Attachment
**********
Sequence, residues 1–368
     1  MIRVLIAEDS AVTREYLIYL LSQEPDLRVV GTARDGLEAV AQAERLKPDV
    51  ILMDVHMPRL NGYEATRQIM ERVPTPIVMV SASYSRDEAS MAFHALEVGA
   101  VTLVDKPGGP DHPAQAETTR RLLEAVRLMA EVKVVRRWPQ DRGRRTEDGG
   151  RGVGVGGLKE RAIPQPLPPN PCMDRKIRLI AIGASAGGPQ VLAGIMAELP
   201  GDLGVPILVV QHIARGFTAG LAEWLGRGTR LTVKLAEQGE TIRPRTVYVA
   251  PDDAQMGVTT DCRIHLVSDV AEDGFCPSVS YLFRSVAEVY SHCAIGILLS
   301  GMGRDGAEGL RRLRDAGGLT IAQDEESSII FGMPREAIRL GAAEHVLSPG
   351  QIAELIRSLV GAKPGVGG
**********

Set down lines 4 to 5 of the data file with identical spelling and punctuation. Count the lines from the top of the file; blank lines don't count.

   101  VTLVDKPGGP DHPAQAETTR RLLEAVRLMA EVKVVRRWPQ DRGRRTEDGG
   151  RGVGVGGLKE RAIPQPLPPN PCMDRKIRLI AIGASAGGPQ VLAGIMAELP